Where is it applied
Automatically applied to the entire mailbox
Automatically applied to a default folder
Manually applied to items and folders
Who applies it
To learn more about the different retention tags, click here.
184.108.40.206. Actions involved when you deploy MRM
When creating retention tags, there are three actions you can choose from that will take place when the retention period is over. The actions are:
Delete and allow recovery:
This is similar to what happens when a user empties the Deleted Items folder. The items move to the Recoverable Items folder and stay there till the retention period has passed.
Move items to an archive automatically:
This moves the message to the user’s
archive mailbox after the retention age is reached. However, no action will be taken if the archive mailbox has not been enabled. This action is only available for Default Policy Tags and Personal Tags.
If you choose this action, the message will be permanently deleted after the retention period. The only way this data can be found again is if it is placed on
5.1.3. How to deploy MRM?
There are three steps you need to follow to deploy MRM:
Step 1: Create a retention tag
In the Classic Exchange Admin Center, navigate to the ‘Compliance Management’ tab. Under ‘Retention Tags’, click the ‘+’ icon and select the type of retention tag you want to apply.
In the pop-up dialog box, name the tag, choose the retention action, and specify the retention period as shown below:
Step 2: Configure the retention policy
Under ‘Retention Policies’, select the ‘+’ icon.
In the pop-up dialog box, type the name you want to assign the retention policy. Next, click the ‘+’ icon to view all the retention tags available. Select the tags desired and add them to the policy.
Step 3: Apply the policy to mailbox users
Under the ‘Recipients’ tab, navigate to the user’s mailbox on which the policy must be applied and double-click the username. Under the ‘Retention Policy’ drop-down, select the desired policy and click ‘Save’.
To learn about personal tags and how users can self-assign these tags, click here.
5.1.4. Managed Folder Assistant
In MRM, the Managed Folder Assistant (MFA) is a throttle-based assistant that is responsible for processing the policies applied on the user mailboxes. In other words, the MFA inspects the mailbox items for retention policies, and when a policy is detected, it stamps the item with appropriate retention tags. It then takes the specified retention action on items once they are past their retention age.
The MFA does not need to be scheduled or maintained; it is always active. Another thing to note is that at a specified interval (known as the work cycle checkpoint), the MFA refreshes the list of mailboxes to be processed. During the refresh, the MFA checks for newly created or moved mailboxes, and subsequently adds them to the queue. It also inspects mailboxes that haven’t been processed due to failures and adds them higher up in the priority queue.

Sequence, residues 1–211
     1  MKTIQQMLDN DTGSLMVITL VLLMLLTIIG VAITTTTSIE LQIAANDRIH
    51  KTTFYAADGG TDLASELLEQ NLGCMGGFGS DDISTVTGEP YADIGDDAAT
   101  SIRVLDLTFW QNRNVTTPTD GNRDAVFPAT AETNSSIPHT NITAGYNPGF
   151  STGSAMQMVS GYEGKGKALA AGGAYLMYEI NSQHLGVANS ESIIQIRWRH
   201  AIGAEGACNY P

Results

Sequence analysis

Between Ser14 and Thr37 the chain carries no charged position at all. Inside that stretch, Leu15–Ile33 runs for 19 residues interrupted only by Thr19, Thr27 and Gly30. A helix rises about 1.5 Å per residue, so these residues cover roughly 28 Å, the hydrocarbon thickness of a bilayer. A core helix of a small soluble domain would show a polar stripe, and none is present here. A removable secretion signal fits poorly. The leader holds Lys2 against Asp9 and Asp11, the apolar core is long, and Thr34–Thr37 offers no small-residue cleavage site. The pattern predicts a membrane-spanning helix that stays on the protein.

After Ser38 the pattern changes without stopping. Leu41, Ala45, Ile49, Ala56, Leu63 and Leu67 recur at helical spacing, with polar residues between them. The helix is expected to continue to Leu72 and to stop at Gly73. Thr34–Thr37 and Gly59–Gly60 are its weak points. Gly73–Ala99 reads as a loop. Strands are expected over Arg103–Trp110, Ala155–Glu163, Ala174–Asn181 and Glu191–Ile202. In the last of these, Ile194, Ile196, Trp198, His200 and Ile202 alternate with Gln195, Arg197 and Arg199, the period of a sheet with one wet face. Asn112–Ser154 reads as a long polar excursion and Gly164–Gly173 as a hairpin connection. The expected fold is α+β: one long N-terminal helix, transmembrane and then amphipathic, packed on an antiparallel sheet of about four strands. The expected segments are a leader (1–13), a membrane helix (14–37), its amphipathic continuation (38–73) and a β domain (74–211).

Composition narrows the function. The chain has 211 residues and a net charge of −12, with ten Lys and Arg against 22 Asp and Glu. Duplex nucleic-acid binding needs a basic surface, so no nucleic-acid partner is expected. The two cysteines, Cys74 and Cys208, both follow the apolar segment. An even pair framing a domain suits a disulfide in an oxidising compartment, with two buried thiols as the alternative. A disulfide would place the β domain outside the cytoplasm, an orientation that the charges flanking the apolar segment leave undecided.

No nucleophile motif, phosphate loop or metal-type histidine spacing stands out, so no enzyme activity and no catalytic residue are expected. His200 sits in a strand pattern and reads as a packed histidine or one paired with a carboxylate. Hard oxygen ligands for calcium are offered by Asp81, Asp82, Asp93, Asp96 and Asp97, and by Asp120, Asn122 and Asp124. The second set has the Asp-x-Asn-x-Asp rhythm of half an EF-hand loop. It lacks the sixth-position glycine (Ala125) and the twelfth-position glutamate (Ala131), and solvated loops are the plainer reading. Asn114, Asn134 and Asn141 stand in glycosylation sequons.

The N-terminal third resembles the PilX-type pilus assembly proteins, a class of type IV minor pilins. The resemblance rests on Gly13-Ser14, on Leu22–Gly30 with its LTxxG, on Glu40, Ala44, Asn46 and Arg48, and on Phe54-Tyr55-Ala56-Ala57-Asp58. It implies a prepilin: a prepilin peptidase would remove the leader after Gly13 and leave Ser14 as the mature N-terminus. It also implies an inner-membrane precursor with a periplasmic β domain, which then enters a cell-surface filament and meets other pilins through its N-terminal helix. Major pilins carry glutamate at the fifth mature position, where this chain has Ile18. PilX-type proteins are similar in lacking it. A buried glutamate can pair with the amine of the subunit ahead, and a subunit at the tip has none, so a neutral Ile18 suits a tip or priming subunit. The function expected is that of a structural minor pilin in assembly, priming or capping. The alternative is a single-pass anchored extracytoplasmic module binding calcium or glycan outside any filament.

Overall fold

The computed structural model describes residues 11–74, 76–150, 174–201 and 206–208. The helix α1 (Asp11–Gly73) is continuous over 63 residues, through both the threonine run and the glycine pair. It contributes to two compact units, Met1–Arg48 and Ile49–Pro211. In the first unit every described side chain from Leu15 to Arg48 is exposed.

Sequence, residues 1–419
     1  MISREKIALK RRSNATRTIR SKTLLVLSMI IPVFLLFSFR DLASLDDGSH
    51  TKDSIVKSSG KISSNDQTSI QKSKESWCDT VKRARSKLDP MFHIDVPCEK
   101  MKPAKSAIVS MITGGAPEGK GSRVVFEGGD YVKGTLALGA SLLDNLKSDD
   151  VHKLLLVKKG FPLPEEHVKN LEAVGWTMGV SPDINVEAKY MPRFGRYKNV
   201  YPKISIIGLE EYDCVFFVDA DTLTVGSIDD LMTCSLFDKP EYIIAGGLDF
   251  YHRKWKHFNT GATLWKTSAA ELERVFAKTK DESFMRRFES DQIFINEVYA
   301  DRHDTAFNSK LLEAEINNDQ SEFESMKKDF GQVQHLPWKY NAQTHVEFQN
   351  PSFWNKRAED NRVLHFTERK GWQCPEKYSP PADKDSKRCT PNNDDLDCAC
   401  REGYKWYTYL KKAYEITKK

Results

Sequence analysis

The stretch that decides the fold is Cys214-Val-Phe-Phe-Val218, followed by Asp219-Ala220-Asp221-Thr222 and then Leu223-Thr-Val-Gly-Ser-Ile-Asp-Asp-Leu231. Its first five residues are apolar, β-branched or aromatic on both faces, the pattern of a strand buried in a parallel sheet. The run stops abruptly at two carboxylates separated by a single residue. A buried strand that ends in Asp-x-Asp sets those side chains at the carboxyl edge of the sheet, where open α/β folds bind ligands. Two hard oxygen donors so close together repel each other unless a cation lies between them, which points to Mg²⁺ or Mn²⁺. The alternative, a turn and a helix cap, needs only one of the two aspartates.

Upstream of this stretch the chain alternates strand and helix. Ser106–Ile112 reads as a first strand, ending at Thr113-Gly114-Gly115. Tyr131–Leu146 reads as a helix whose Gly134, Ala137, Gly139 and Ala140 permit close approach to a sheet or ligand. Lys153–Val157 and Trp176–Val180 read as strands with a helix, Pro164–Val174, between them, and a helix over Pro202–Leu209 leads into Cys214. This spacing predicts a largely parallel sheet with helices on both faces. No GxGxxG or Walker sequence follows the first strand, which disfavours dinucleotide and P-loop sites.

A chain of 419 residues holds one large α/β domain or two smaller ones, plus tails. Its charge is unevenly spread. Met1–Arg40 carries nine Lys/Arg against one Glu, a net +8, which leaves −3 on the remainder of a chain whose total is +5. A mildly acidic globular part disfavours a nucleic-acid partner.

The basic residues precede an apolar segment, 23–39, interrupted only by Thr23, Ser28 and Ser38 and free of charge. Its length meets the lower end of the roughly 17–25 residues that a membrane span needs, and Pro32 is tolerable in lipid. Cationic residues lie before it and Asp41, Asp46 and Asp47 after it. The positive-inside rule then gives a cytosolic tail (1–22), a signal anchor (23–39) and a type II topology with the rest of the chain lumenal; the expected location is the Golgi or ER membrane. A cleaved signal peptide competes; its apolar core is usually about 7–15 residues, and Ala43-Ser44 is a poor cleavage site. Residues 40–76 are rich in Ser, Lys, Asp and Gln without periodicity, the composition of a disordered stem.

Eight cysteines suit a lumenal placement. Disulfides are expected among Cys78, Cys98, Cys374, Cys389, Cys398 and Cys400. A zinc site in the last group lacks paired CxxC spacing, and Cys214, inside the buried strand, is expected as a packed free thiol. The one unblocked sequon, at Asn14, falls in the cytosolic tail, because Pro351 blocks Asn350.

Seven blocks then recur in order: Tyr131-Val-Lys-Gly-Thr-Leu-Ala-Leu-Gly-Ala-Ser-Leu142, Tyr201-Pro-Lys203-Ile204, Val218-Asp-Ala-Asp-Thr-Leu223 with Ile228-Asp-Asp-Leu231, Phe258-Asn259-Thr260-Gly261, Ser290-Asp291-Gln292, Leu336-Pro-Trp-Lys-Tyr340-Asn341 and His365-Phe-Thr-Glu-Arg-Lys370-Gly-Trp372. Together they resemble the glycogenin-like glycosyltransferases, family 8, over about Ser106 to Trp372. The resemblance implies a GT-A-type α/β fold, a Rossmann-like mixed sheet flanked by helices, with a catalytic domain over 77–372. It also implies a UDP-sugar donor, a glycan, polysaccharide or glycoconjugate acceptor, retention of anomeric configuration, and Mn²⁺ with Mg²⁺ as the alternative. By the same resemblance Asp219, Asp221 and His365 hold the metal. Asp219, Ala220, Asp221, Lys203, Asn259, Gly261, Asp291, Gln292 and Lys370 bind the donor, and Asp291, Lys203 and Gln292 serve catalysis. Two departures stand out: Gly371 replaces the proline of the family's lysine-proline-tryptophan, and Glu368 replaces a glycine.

What happens when there are multiple retention tags applied on a single mailbox item? Microsoft has clearly outlined the priority of the MRM tags to determine which action will be implemented.
When an item is tagged manually using a Personal Tag (PT), it takes the highest priority.
Next, the Retention Policy Tag (RPT) is executed, where the item sits in the folder in which the tag is applied.
Finally, general mailbox policies through a Default Policy Tag will be applied if none of the other two methods had been used to implement the retention policy.
5.1.6. Default MRM policy
The Default MRM policy is automatically applied when a new mailbox is created in Exchange Online. You can change the retention policy applied to a user at any point in time.
Tags included in the Default MRM Policy can be modified according to your business needs. You can change the retention age or retention actions, disable a tag, or modify the policy by adding or removing tags from it. The updated policy is applied to mailboxes the next time they are processed by the MFA.
The Default MRM Policy contains the following retention tags
● 1 Month Delete
● 1 Week Delete
● 1 Year Delete
● 5 Year Delete
● 6 Month Delete
● Default 2 year move to archive
● Junk Email
● Never Delete
● Personal 1 year move to archive
● Personal 5 year move to archive
● Personal never move to archive
● Recoverable Items 14 days move to archive
Click here to learn more about the Default Retention Policy in Exchange Online.
5.1.7. Is MRM your best possible retention solution for Exchange Online?
As mentioned above, Microsoft recommends using retention policies and labels over MRM. However, mailbox archiving is only available in MRM.
Microsoft suggests using MRM for your archiving requirements, and retention policies for your retention needs.
Neither MRM nor retention policies and labels serve as data backup solutions. Microsoft recommends using
third-party backup tools for your backup requirements.
5.1.8. Retention holds in MRM
A retention hold helps you temporarily suspend the MRM retention policies applied to a user’s mailbox. This is useful when an employee is temporarily away such as on a vacation.
For example, let’s say that an employee goes on a three-month leave. The organization has implemented a policy where items are moved to the archive after one month and then deleted after fifteen days. That means that by the time the employee returns after three months, many days of emails will be unavailable and permanently deleted.
Retention holds are designed for this purpose. It suspends the processing of an MRM retention policy by the MFA for that mailbox for a period of time. Apart from temporarily suspending the retention policies, retention holds also allow you to set a retention comment, so everyone knows that the mailbox is on hold.
To learn more about how to create retention holds, click here.
5.2. Retention policies and retention labels